The sound pattern of language that we call speech or articulation is made up of combinations of sounds that form words. Speech development is a gradual process. It begins in infancy and continues through a childs seventh or eighth year. Children develop speech abilities at different rates and ages. Some children develop slower of faster than the average.
Milestones of Speech Development
Newborn – 3 months
The newborn baby is very limited in making sounds because the oral structures and vocal cords are not fully developed.. Newborns are limited to crying, which signals hunger or discomfort, and to other non-cry sounds such as burps, coughs and sneezes.
Between two and three months of age your baby is better able to control the vocal muscles of the mouth, larynx and throat. During this period your baby begins to laugh.
4 – 6 months
During the period of 4 – 6 months, babies develop greater control of their oral structures. They can produce sounds that are more like speech. They begin to put sounds together, making syllables out of vowel and consonant-like sounds. They also make non-speech sounds like raspberries, squealing, yelling and growling. This experimentation with sound production is called vocal play.
6 – 11 months
Between 6 – 11 months of age, infants begin to babble. In babbling, a syllable is repeated two or more times in sequence, like ba-ba. Babbling is a way for your infant to practice the oral motor speech skills needed during actual speech.
12 – 18 months
Between 12-18 months, babies begin to produce strings of sounds made up of different syllable combinations such as ba-da-na. These sequences are produced with adult-like speech patterns. Your baby seems to be really talking, asking questions, making statements or demanding action. However, when you listen closely to these combinations, you will find they are mostly jargon. Sometime around the babies first birthday, the child begins to produce some true words. However, babies are very limited in the consonants and vowels they use in these first words.
18 – 36 months
Rapid Speech Development
Between 18 – 36 months children develop speech rapidly. They use a greater variety of sounds and sound combinations. When they encounter a word that is difficult to pronounce they usually simplify the pronunciation. A child might:
Leave off the final consonant of a word. Dog would be pronounced da.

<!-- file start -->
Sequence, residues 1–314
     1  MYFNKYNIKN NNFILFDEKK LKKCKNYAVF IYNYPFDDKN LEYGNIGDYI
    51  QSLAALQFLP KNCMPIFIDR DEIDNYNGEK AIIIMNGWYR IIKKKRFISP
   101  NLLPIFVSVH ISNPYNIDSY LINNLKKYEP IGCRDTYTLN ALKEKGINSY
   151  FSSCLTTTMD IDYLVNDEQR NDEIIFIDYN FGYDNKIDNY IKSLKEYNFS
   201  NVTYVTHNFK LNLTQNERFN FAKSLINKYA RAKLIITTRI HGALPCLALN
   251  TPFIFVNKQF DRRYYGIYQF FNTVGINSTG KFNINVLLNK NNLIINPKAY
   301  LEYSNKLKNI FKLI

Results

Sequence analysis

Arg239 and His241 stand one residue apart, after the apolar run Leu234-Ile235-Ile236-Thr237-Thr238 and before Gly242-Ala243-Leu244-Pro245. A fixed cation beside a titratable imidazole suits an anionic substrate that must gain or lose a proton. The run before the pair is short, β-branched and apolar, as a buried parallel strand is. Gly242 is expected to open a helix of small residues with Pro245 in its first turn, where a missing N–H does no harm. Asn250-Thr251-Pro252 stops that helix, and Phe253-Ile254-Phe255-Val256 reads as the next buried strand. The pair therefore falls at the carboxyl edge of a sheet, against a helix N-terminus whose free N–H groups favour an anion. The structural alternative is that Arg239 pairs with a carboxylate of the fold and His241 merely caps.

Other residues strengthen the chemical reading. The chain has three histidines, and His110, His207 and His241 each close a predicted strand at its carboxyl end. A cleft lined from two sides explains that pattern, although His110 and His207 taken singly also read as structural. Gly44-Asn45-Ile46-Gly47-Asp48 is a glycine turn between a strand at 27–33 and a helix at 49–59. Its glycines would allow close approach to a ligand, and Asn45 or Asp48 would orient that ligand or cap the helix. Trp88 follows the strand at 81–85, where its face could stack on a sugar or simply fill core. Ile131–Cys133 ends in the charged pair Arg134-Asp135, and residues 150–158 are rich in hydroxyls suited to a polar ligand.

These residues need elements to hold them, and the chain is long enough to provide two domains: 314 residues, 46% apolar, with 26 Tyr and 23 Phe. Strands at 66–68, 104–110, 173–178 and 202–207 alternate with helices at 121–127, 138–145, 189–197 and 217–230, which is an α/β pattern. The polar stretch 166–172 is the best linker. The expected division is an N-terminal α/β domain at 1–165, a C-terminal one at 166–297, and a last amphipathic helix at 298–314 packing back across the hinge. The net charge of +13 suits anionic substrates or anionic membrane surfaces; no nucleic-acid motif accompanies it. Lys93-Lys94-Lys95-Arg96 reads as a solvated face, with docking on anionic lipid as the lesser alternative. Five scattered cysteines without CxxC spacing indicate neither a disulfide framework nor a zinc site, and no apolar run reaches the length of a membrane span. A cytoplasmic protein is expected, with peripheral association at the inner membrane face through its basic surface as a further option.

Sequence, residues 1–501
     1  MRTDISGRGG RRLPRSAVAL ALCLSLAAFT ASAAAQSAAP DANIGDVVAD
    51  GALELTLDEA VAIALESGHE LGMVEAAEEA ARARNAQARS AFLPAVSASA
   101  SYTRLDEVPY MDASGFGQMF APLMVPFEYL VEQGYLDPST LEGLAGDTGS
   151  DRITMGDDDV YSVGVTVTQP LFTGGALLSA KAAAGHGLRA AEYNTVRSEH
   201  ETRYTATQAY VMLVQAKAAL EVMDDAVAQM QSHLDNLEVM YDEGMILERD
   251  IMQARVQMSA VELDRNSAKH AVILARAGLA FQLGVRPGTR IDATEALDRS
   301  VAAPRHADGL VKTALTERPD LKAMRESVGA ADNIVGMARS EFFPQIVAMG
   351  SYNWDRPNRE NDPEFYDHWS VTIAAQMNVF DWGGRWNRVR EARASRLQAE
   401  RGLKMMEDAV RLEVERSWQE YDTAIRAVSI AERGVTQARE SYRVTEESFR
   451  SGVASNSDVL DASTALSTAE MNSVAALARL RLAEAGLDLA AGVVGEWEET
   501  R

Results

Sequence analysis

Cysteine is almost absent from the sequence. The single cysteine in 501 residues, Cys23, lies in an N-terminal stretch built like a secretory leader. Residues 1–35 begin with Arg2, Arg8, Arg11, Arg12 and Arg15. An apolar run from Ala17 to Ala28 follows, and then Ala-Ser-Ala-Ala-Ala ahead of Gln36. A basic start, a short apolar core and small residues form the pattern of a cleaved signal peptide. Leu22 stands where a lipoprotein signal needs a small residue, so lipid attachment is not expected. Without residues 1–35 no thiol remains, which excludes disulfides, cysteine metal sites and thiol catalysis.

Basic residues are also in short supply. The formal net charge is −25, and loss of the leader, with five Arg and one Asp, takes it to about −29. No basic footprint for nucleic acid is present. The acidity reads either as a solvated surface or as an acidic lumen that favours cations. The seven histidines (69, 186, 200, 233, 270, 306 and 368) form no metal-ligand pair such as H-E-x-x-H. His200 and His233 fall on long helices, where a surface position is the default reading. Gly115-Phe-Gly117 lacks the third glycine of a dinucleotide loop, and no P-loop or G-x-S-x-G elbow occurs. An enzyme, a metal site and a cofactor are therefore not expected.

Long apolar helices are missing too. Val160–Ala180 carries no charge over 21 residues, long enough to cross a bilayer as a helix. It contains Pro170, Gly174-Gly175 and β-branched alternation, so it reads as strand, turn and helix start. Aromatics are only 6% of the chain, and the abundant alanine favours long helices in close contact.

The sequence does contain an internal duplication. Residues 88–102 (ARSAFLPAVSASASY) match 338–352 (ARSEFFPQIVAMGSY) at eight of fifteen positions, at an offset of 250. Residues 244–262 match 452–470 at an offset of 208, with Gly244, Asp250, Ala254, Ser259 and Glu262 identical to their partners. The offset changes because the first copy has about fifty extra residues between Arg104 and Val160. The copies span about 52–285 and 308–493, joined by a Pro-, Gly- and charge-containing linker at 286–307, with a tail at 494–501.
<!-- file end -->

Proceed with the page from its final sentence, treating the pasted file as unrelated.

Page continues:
Simplify the production of a consonant blend (two or more consonants in a sequence), so that plane would become pane.
Substitute one sound that is easier to make than another which is more difficult to make. For example, ring becomes wing.
Repeat one of the syllables in a word. For example water might become wa-wa.
Drop one of the syllables in a word so that telephone becomes tephone.
Apraxia of speech is a motor-speech programming disorder resulting in difficulty coordinating the oral-motor movements necessary to produce and combine speech sounds to form syllables, words, phrases and sentences.
Apraxia of speech is often treatable with the appropriate techniques. It is not just a simple articulation disorder, nor a phonological disorder but a motor-speech programming disorder. Traditional therapy as well as minimal pairs techniques are often unsuccessful.
Early signs and symptoms:
Lack of cooing or babbling as an infant, first words may not appear at all, pointing and grunting may be all that is heard.
Delayed first words with many phonemes deleted or replaced with other easier phonemes.
Lack of a significant consonant repertoire: child may only be able to use /b,m,p,t,d,h/.
All phonemes may be imitated well in isolation, but any attempts to combine phonemes are unsuccessful.
Words may be simplified by deleting consonants or vowels, and/or replacing difficult phonemes with easier ones.
A syllable is favored, and used for all words.
A word (may be real or a nonsensical utterance) is used to convey other words.
Single words may be articulated well, but attempts at further sentence length becomes unintelligible.
Oral scanning or groping may occur with attempts at speaking.
A whole phrase may be clearly said and never heard again, or cannot be imitated.
Other fine-motor problems may be present.
Verbal preservation: getting stuck on a previously uttered word, or bringing oral-motor elements from a previous word into the next word uttered.
Receptive Language Disorder
Receptive language refers to the skills involved in understanding language. Difficulties in receptive language may be present in the ability to attend, process, comprehend, retain or integrate spoken language.
Early signs and symptoms: